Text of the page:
“Believe in growth” is the 5th expectation.  This one is where I feel my passion for teaching and learning is able to find its way out, even in the current teaching situation.  While the growth we as teachers are helping to coordinate during this time is not usual or typical of what we would see in a classroom, I have been so appreciative of the adults in students’ homes who are with our youngest students during the day. These parents and caregivers have supported teachers and their passion for being with students and learning together when our 6 and 7-year-olds cannot access on their own. While doing this learning through computers and Zoom meetings, of course, is not ideal for most students and teachers, I do believe that helping a first grader to log onto zoom for a share time and 15-minute lesson on double-digit addition will benefit them during this very different time in their educational path.

Finally, the 6th expectation is to “be kind to kids.” It is so important, it gets to be on the list twice. Birthday sticker house deliveries, wearing a superhero mask during a zoom meeting, dancing and singing a class song together, hanging a message in the windows of the school, coordinating a 3rd grade concert Zoom sing-along, listening to a child talk about Minecraft for 10 minutes, continually attempting to reach out when you haven’t heard from a student or family in a week, and having a Zoom “lunch bunch” are some of the hundreds of examples of kindness towards kids and families that I have witnessed or been a part of over the past several weeks.  

Twenty-two or so years from now when I am approaching retirement, I hope I can focus on the fact that during the COVID-19 pandemic stage of teaching, I have been grateful to have had the opportunity to have served my students and families, learned new skills, and been a part of the Worthington City School district, whose leadership has been focused first on kindness and care, because #ItsWorthIt.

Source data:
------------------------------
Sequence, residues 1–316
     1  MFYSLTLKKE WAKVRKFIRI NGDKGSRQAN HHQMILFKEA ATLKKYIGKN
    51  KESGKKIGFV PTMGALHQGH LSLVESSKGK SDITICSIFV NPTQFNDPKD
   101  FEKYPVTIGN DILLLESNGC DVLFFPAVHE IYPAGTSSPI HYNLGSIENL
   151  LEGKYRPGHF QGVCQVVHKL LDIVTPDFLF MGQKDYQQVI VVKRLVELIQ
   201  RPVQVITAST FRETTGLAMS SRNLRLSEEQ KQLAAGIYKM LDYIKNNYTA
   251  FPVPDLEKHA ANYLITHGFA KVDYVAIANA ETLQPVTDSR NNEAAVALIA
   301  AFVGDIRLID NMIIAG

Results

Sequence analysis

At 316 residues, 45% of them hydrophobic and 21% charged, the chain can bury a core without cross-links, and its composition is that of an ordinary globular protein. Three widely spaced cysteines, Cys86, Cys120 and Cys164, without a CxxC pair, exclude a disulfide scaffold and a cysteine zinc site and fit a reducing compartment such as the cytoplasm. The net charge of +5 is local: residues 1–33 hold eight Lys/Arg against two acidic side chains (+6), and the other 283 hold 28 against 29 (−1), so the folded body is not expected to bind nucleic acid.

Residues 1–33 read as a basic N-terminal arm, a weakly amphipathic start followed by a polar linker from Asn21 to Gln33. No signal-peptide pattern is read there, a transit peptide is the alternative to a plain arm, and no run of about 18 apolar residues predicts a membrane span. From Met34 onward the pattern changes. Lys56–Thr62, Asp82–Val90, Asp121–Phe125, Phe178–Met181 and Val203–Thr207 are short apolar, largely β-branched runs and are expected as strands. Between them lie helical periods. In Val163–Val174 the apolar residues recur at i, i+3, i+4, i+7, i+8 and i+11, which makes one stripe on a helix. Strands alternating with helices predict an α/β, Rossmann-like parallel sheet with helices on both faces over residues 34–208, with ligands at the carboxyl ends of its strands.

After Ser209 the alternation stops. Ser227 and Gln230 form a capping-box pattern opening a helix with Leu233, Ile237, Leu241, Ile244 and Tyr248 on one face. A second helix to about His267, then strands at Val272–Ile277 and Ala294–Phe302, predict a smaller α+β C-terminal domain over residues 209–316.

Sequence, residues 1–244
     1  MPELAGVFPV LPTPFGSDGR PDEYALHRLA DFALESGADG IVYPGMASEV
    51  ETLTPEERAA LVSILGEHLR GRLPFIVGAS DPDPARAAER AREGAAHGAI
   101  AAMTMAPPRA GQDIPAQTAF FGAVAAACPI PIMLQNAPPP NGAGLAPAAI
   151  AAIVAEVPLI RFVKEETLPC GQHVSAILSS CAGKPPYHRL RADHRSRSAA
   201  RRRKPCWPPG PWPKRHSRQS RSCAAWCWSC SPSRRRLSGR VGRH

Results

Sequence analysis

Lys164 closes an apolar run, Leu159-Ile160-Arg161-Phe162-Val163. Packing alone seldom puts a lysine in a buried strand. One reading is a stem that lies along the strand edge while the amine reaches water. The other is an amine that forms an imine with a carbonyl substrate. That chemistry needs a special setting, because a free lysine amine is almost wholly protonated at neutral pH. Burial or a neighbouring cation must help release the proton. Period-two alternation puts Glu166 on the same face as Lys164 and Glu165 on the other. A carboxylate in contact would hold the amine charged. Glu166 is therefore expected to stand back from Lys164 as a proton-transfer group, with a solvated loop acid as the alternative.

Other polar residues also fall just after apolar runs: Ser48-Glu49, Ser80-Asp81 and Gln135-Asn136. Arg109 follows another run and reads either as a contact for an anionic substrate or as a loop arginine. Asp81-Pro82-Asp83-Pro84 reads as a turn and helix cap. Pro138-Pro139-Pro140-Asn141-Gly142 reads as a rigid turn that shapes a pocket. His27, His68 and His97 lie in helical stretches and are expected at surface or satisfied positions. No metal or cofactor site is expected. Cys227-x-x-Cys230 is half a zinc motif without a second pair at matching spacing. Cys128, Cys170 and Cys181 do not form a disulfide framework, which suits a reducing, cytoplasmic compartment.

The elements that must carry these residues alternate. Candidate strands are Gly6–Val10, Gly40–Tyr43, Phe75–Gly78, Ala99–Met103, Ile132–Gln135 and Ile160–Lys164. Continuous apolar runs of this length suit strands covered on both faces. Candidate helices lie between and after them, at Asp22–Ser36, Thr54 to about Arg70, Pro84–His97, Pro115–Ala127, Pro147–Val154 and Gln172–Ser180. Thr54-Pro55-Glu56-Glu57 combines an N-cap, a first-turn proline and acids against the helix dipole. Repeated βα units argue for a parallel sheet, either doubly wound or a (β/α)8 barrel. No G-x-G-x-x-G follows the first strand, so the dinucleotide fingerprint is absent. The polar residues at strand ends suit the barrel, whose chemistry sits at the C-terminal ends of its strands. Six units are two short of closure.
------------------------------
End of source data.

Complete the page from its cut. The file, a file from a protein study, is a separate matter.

-Tracy Keyes, Worthington Estates First Grade Teacher


Are Socially Distant Schools in Our Future?

social distanceAs of this writing, we still don’t know whether we will go back to school on May 4th and whether there will be spring sports in Ohio.  I would love for us to be back in school on May 4th but based on what we read, I’ve maintained that this is very unlikely. With the belief that it’s unlikely we return May 4th, our board of education unanimously approved refunding over $450,000 worth of fees to families as soon as the Treasurer’s office can process the refunds.  All-Day Kindergarten and preschool fees for half of March and all of April and May, and spring pay-to-participate fees are all being refunded. The board recognizes the significant impact this shutdown is having on the finances of many throughout our community and wants to get money back to families as soon as possible.

Since March 13th, our Worthington Schools team has been working like crazy to implement remote learning, to improve our remote learning processes, to streamline communication to families, to provide food to families who need it and to plan contingencies for graduation, prom, summer learning, etc…We’ve been highly focused on the here and now.

Last week Ohio Governor Mike DeWine told school districts that we need to be thinking about how school will need to be different when we do open back up. As of right now, it feels like we’ll begin to reopen parts of society sometime in the next few months, but that until a COVID-19 vaccine is in place, we’ll need to find ways to utilize our current school buildings but to create socially distant schools.  The Governor of California talked about this in some detail last Wednesday.  If this is the case, we will need to be strategic about the use of space. We’ll need to make sure that we’re able to have enough classroom space to ensure that there’s proper social distancing which sounds like something we may be required to practice for a long time.